General Motors said it will pause production for nearly two months at its plant in St. Petersburg, Russia as car sales across the country drop in response to an economic slump. The plant builds the compact Opel Astra and Chevrolet Cruze, which have traditionally been among GM’s most popular in the Russian market.
The production interlude will take place from March 23 through May 15 “due to a low demand and continued slowdown of the Russian automotive market”. Plant employees “will be paid for the shutdown period in accordance with Russian labor legislation.”
The slumping demand is the result of a rapidly-collapsing Russian Ruble amid the continued dispute over Ukraine. The scenario is believed to be costing the entire auto industry doing business in the country hundreds of millions of dollars.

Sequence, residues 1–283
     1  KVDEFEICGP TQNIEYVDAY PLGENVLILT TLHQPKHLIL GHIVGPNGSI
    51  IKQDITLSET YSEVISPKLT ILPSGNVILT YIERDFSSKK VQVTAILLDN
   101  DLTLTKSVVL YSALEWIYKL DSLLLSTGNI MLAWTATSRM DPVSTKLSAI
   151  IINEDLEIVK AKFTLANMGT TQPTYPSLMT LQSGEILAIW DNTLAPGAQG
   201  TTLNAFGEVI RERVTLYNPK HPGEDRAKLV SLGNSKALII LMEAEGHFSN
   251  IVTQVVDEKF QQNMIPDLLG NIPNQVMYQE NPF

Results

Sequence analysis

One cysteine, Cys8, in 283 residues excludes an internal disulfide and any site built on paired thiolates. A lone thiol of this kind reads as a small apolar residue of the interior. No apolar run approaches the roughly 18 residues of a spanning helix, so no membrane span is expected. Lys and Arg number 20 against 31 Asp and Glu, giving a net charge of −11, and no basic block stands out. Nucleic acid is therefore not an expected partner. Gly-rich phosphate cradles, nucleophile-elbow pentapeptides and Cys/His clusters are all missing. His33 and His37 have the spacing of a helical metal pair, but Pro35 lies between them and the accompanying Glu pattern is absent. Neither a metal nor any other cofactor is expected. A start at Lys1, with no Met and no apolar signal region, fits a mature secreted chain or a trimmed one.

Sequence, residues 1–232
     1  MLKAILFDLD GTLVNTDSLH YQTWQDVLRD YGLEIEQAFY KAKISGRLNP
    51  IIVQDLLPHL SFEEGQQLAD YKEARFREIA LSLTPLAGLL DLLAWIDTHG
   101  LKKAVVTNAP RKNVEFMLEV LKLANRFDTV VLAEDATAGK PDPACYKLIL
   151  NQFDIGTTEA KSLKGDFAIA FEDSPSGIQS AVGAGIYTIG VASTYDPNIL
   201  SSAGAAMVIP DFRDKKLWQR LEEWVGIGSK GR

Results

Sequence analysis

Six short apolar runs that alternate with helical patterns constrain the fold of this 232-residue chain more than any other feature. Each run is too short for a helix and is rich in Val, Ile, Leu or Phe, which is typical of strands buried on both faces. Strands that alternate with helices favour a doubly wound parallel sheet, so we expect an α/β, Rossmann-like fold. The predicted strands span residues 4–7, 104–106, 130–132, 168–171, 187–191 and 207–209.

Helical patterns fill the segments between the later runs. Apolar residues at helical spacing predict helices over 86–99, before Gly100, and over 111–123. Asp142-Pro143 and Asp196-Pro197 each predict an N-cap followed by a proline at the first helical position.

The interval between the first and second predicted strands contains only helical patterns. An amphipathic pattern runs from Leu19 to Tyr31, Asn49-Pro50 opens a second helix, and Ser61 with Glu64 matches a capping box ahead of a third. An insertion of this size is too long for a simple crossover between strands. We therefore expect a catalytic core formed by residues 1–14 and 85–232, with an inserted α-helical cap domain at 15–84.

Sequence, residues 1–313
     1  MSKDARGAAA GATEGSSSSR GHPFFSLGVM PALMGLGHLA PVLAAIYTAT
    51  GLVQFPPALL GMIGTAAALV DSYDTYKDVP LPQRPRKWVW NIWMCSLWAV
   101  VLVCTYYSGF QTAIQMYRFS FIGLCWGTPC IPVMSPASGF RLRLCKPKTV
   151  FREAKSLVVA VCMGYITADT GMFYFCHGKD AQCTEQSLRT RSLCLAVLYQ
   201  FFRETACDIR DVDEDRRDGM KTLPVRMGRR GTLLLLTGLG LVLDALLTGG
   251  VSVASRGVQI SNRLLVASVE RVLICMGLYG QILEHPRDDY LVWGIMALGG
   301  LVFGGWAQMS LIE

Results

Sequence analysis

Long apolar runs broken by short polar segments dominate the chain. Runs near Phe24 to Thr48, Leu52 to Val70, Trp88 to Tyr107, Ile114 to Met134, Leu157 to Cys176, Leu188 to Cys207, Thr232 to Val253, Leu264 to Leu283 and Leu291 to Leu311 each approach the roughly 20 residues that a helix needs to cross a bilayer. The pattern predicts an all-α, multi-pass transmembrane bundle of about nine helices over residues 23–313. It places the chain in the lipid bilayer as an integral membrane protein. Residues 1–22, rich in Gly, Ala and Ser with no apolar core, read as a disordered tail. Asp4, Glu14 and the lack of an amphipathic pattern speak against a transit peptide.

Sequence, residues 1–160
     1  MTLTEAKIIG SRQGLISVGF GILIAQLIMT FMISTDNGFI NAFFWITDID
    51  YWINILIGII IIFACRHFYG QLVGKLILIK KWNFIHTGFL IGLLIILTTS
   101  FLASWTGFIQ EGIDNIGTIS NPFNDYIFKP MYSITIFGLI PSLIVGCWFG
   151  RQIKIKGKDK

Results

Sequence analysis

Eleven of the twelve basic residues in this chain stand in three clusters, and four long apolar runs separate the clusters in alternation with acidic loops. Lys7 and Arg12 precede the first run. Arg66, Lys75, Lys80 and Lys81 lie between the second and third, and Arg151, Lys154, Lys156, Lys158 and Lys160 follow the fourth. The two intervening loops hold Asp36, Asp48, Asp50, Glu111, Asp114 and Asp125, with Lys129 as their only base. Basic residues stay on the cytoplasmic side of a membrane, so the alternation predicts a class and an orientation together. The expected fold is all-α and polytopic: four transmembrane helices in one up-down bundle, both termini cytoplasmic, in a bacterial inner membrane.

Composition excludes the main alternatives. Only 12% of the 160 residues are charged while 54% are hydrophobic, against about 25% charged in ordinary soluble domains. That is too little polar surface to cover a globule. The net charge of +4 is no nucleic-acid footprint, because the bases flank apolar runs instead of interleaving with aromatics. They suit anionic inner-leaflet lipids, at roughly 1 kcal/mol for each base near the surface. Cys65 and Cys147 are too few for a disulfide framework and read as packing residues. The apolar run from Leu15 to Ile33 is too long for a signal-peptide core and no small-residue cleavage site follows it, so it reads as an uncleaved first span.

In 2014, GM sales fell about 28 percent in Russia, according to a European trade group. Industry-wide sales in Russia fell 10.3 percent in 2014 to 2.49 million units, but rose 2.4 percent in December 2014 as consumers rushed to spend rubles as the currency’s value sank. In response, GM temporarily suspended vehicle sales to dealers and increased vehicle prices.
Unfortunately, the outlook isn’t better for 2015. Joerg Schreiber, chairman of the Association of European Businesses Automobile Manufacturers Committee, said in January that Russian auto sales are forecast to fall 24 percent in 2015 to 1.89 million vehicles.
GM isn’t the only automaker halting production operations in the country, as Ford, Volkswagen, and others have adjusted their manufacturing operations to meet the lower demand for cars, including Ford, Volkswagen, and Nissan.